Archive for the ‘open access’ Category

GOA5: June 2020 report

Thursday, July 2nd, 2020

The first report on readership for GOA5, plus continuing reporting on GOA4–and the final report on GOAJ3. (Work on Gold Open Access by Country 2014-2019 continues; it should be out in late July or early August.)

All links available from the project home page, as always.

GOA5: 2014-2019

  • The dataset: 55 views, 12 downloads.
  • GOA5: 123 PDF ebooks. One paperback (full color, highly recommended).
  • Countries 5: in progress.

GOA4: 2013-2018

  • The dataset: 695 views, 245 downloads.
  • GOA4: 3,237 PDF ebooks
  • Countries 4: 486 PDF ebooks
  • Subjects and Publishers: 383 PDF ebooks

GOAJ3: 2012-2017

  • The dataset: 2,042 views, 375 downloads
  • GOAJ3: 4,022 PDF ebooks
  • Countries: 1,232 PDF ebooks

These will continue to be available, but this is the last report.

Gold Open Access 2014-2019 (GOA5) available

Monday, June 22nd, 2020

The fifth edition of the GOA series is now available–as a free PDF ebook, a full-color trade paperback (color for the graphs is new, and raises the price to $11 or the near equivalent in other Lulu-accepted currencies), and a Figshare dataset.

All forms are, as always, linked from the project page at https://www.waltcrawford.name/goaj,html

[The www, should be optional.]

This edition includes 13,938 fully-analyzed journals with 854,018 articles in 2019, up from 774,427 in 2018; 697,390 in 2017; 631,977 in 2016; 571,627 in 2015; and 512,930 in 2014. Of the 13,938 journals, 12,901 published articles in 2019.

Once again, although most gold OA journals (70% of those active in 2019) do not charge fees, most articles (61% in 2019) do involve fees. The average cost per article was no more than $1,023 in 2019 and probably less, but that’s up considerably from 2018. Potential revenue for the year was a little over $863 million.

In addition to broader inclusion, changes this year include:

  • Because the pandemic made it less likely that files could be corrected, I did include journals with malware as long as a full set of figures was available.
  • The Growth and Shrinkage tables have been simplified (and will probably disappear altogether if there’s a GOA6, since they don’t seem useful).
  • Subject profiles are complete in this book, adding about 56 pages; there will not be a separate Subjects and Publishers book.
  • The trade paperback includes color graphs, printed in color, for the first time. That means a modest increase in the price, still rounded up from actual production costs, this time $11.00.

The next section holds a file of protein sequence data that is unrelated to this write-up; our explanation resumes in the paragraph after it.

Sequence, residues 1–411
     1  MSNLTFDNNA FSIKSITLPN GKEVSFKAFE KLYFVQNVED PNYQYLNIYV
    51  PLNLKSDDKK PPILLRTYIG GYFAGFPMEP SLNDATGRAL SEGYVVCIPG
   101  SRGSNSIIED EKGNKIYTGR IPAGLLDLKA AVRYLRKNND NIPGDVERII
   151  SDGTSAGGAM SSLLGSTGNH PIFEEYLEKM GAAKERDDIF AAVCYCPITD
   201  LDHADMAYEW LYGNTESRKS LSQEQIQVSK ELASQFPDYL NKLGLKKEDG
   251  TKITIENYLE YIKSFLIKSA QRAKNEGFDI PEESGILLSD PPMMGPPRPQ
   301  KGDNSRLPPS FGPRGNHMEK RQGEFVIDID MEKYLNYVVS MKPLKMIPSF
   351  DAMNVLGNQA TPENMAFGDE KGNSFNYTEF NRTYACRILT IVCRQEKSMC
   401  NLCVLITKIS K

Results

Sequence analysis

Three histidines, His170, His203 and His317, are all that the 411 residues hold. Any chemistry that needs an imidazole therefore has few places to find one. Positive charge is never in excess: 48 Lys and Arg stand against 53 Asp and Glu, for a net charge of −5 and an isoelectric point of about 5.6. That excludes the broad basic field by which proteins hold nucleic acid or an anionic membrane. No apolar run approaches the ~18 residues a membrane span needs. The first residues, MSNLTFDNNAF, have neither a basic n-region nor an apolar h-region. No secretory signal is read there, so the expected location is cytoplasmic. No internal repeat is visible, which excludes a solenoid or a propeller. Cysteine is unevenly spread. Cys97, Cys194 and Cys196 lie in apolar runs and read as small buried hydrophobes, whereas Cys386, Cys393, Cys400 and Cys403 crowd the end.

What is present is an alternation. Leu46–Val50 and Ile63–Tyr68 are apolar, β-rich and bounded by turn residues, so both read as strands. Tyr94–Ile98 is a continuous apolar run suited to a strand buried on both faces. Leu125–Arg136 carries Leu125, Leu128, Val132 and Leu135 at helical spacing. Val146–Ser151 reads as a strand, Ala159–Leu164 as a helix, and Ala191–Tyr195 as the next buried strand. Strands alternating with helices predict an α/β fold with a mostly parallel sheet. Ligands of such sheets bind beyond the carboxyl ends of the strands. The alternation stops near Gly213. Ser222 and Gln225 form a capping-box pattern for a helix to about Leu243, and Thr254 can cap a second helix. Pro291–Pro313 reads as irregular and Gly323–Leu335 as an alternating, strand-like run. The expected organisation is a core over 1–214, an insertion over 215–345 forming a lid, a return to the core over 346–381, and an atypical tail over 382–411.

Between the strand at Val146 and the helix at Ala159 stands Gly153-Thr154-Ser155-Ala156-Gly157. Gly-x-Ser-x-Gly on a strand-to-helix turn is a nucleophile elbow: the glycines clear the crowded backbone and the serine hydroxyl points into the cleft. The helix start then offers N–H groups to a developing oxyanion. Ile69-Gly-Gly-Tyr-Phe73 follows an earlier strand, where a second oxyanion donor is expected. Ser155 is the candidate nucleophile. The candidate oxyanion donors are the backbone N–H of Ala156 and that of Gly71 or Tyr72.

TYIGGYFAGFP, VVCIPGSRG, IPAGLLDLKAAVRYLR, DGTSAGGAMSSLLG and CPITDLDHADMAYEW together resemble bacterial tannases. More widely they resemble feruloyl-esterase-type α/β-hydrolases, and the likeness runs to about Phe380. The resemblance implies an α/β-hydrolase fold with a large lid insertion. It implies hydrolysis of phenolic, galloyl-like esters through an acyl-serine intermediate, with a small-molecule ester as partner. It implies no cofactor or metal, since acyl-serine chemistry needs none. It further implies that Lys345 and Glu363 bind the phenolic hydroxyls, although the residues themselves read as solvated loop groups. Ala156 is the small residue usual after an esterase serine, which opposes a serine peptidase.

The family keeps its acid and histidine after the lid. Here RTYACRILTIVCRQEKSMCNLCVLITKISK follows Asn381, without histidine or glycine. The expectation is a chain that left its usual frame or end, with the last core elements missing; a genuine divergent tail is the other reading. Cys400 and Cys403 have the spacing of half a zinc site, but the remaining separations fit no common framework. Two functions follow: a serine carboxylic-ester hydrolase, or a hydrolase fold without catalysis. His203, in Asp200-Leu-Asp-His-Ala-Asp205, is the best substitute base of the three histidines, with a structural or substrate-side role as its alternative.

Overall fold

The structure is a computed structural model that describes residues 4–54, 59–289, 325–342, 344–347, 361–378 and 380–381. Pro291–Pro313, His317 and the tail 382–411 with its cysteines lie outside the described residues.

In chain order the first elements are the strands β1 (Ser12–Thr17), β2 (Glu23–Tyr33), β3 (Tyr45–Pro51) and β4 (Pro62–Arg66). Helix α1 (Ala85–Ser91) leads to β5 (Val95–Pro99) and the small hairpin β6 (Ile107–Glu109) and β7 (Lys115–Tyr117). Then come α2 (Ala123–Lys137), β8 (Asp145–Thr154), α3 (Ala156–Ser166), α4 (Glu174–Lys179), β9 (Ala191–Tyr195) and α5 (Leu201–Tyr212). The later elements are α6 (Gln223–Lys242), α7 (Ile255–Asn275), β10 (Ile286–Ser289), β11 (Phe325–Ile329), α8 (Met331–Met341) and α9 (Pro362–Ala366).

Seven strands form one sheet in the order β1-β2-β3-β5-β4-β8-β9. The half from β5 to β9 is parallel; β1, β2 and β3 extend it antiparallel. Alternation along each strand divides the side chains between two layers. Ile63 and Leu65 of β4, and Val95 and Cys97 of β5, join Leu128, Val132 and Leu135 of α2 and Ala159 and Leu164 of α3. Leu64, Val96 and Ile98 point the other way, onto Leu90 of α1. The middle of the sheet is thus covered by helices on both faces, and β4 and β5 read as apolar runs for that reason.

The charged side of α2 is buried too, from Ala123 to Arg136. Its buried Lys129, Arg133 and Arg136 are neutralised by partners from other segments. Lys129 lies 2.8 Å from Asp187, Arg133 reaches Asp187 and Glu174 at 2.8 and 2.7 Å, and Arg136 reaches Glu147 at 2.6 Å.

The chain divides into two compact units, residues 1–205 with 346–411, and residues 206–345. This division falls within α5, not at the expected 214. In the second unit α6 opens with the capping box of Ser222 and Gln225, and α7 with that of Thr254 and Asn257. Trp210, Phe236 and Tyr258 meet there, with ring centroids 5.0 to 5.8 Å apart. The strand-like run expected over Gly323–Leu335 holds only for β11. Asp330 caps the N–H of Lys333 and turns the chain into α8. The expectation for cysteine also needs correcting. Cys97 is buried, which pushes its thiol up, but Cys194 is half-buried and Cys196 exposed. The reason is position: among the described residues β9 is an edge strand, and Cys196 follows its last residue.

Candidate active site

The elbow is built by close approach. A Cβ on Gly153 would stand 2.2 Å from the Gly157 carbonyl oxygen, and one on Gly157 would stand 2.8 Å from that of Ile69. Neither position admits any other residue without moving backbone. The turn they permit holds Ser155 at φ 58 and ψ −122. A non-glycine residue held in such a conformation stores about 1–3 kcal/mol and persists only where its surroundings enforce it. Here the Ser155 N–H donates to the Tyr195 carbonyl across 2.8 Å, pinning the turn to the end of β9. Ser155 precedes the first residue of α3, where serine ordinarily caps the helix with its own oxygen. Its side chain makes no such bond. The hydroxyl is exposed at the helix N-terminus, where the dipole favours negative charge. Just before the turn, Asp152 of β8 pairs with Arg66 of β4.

GOA4: May 2020 post (and GOA5 update)

Wednesday, June 3rd, 2020


Readership for the new edition and GOAJ3.

All links available from the project home page, as always.

GOA4: 2013-2018

  • The dataset: 653 views, 223 downloads.
  • GOA4: 3,049 PDF ebooks
  • Countries 4: 468 PDF ebooks
  • Subjects and Publishers: 355 PDF ebooks

GOAJ3: 2012-2017

  • The dataset: 1,971 views, 364 downloads
  • GOAJ3: 3,906 PDF ebooks
  • Countries: 1,215 PDF ebooks

GOA5 Progress

The data gathering is done. Normalization is done. I’m off to a good start on the main book (when it’s done, the dataset will also be uploaded).

My best guess is that I need 13 to 18 solid work days to finish it. But:

  • I’m having cataract surgery on June 4 and June 18. It’s not clear whether this and side-effects will keep me away from the computer two days, four days, or more.
  • Covid-19 and its effects are somewhat debilitating.
  • Flat-out murder and a so-called leader fanning the flames is a lot more debilitating. I used to live in a great country.

Anyway, given all that, I’d guess July is likely–when in July, well, depends on all of those. Perhaps mostly on the last, which is discouraging.

GOA5: Status and Questions

Monday, May 11th, 2020

As of today, I’ve completed the initial scan of 14,128 DOAJ-listed gold OA journals, the second scan (starting April 14) to pick up additional articles and do some follow-up, and a “pre-third” scan (starting April 29) to clear up as many problematic journals as possible. The final third scan will begin Friday, May 15, a deadline shared earlier, to see whether more malware and problematic cases have been cleared up. (There are 786 journals in that final scan, including around 140 malware cases where I was able to gather the data needed but am hoping that the malware will be cleared up.

Once that final scan is complete–around a week to ten days, barring other issues–I’ll start adding calculated data (e.g., 2019 journal revenue), then start in on the books. I’m still saying “July or maybe August” for completion, especially given the state of things (and some known causes of likely delay), but it’s possible that it could be done in late June. MODIFIED May 14: Things have opened up enough that I will be having cataract surgery during June, both eyes, two weeks apart. It’s likely that I’ll get either no work or very little work done on the project while resting my eyes…so don’t expect the books and dataset until late July or some time in August.